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Introduction (from guide to bundle CDM projectIMP DOCS)
In 1997, almost 200 countries signed the Kyoto Protocol to the United Nations Framework Convention on Climate Change (UNFCCC). The most important component of the agreement was the establishment of quantitative targets for greenhouse gas (GHG) emissions in industrialised (Annex B) countries. Industrialised countries may meet their targets through a combination of domestic climate change mitigation activities and the use of the Kyoto Mechanisms. One of these mechanisms, the Clean Development Mechanism (CDM), allows developed countries to achieve part of their Kyoto target in a more costeffective way by implementing projects that reduce GHG emissions in developing (non-Annex I) countries, assisting the latter in achieving sustainable development.
The Flexible mechanisms of Kyoto protocol - The Kyoto Protocol includes three mechanisms -
Art.6 (Joint Implementation), The term “Joint Implementation” only applies to projects that take place in
Annex B countries. Emission credits (“Emission Reduction Units”, ERUs) can only accrue from 2008. JI
has two distinct “tracks”. The first track is very liberal and leaves choice of baselines and project lifetimes
to the participating countries. This is due to the fact that ERUs are deducted from the emissions budget of
the host country and thus there is no incentive for baseline manipulation. The second track is similar to
the CDM and applies if the host country does not fulfil the reporting requirements for Annex B countries;
of course it can also be chosen voluntarily. It is overseen by a “Supervisory Committee” and the ERUs
have to be certified by “Independent Entities”. It is likely that the rules developed by the CDM Executive
Board will be used under the second track. To garner the potential for emission reductions before 2008,
some countries already now invite investments into “early JI” emission reduction projects and grant post-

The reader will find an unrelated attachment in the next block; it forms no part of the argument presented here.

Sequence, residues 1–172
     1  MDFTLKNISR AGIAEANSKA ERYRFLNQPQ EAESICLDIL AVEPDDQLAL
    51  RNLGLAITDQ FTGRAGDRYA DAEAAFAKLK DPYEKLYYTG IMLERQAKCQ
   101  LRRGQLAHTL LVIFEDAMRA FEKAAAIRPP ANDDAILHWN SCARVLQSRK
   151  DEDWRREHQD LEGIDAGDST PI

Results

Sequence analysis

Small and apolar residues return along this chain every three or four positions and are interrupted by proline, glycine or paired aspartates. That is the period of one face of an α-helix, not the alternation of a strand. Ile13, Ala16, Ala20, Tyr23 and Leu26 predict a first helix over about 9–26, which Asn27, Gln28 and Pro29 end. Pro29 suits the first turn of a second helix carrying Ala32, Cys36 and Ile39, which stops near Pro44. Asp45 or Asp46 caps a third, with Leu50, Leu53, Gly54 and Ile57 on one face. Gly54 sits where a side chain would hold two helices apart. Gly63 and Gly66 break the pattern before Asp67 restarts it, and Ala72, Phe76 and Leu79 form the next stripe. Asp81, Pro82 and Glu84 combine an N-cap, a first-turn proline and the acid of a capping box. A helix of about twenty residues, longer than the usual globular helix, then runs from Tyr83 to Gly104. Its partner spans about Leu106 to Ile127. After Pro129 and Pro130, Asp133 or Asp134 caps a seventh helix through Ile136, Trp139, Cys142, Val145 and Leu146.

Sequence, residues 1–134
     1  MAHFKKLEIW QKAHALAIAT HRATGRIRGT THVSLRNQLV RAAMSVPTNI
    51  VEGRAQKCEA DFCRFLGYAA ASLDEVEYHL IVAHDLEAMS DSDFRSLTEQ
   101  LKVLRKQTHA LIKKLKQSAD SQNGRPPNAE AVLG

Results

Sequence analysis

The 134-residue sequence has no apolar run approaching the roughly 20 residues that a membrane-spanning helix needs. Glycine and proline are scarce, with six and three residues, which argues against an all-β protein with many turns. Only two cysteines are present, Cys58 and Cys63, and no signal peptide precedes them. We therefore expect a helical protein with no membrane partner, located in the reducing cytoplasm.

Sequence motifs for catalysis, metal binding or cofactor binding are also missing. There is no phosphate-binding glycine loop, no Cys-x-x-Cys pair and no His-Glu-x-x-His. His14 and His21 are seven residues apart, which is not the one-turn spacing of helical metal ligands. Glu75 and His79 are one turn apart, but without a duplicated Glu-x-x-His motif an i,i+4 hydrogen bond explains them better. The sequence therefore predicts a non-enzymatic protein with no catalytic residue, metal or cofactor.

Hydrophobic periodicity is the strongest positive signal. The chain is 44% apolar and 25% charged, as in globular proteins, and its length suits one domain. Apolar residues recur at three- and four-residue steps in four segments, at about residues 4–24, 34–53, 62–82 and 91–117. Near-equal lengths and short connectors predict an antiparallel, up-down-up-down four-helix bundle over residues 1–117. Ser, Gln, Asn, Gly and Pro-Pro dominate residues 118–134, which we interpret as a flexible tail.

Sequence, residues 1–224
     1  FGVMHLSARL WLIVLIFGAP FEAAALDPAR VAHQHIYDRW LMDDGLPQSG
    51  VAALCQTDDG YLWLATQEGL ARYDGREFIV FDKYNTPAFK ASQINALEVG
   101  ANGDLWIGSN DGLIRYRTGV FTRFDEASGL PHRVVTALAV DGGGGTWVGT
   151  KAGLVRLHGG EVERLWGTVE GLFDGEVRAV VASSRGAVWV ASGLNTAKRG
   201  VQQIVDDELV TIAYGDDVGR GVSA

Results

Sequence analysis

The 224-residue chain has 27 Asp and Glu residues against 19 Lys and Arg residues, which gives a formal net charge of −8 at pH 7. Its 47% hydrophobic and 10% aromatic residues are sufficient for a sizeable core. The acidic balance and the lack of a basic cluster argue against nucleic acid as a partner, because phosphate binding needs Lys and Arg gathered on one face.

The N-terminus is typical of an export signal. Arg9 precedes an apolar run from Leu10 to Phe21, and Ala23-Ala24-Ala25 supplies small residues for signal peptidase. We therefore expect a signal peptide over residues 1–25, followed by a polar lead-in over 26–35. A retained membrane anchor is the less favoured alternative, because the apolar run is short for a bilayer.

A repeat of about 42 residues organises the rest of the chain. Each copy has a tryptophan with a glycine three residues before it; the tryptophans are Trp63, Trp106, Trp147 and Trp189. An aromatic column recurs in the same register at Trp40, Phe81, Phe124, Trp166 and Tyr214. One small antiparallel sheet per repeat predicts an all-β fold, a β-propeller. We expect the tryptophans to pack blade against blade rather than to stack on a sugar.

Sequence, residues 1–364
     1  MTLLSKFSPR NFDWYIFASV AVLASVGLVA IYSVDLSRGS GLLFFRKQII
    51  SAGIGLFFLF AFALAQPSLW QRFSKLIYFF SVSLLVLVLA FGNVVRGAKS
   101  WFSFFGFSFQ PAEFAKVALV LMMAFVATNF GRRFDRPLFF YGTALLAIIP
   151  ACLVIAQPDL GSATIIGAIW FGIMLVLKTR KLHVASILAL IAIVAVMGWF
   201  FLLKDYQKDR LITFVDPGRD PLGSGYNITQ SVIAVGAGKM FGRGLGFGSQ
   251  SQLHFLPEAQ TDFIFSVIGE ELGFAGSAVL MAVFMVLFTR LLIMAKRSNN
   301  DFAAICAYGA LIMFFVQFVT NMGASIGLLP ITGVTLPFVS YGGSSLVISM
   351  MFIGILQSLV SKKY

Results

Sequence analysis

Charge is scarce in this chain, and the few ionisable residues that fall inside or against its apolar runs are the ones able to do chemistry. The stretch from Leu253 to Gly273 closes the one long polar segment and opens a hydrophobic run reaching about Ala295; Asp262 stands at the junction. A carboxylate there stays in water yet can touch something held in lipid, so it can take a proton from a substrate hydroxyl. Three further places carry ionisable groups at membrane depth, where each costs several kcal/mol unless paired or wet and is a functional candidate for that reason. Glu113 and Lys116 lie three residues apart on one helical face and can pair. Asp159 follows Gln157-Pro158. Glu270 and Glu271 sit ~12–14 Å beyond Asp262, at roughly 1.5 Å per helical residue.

2008 emission rights from their budgets for the pre-2008 reductions.
Art.12 (Clean Development Mechanism) The CDM allows countries with emission targets to buy
emission credits from projects in countries without targets. It also has the goal to further sustainable
development in the latter countries and already formally started in 2000. Due to the fact that CDM
emission credits are added to the overall emissions budget of Annex B countries, their quality has to be
guaranteed. Therefore, they only accrue after independent verification through so-called “Operational
Entities”, which are mainly commercial certification companies, and thus are called Certified Emission
Reductions (CERs). The Marrakech Accords defined an elaborate project cycle that is overseen by the
CDM Executive Board (EB), whose 10 members are elected by the Conference of the Parties. It has to
check whether projects conform to the rules and formally register them. Each country participating in the
CDM has to have ratified the Kyoto Protocol and set up a “Designated National Authority” (DNA) for
approval of the CDM projects it is involved in.
Art.17 (Emissions Trading), Trading of ”Assigned Amount Units” between developed nations.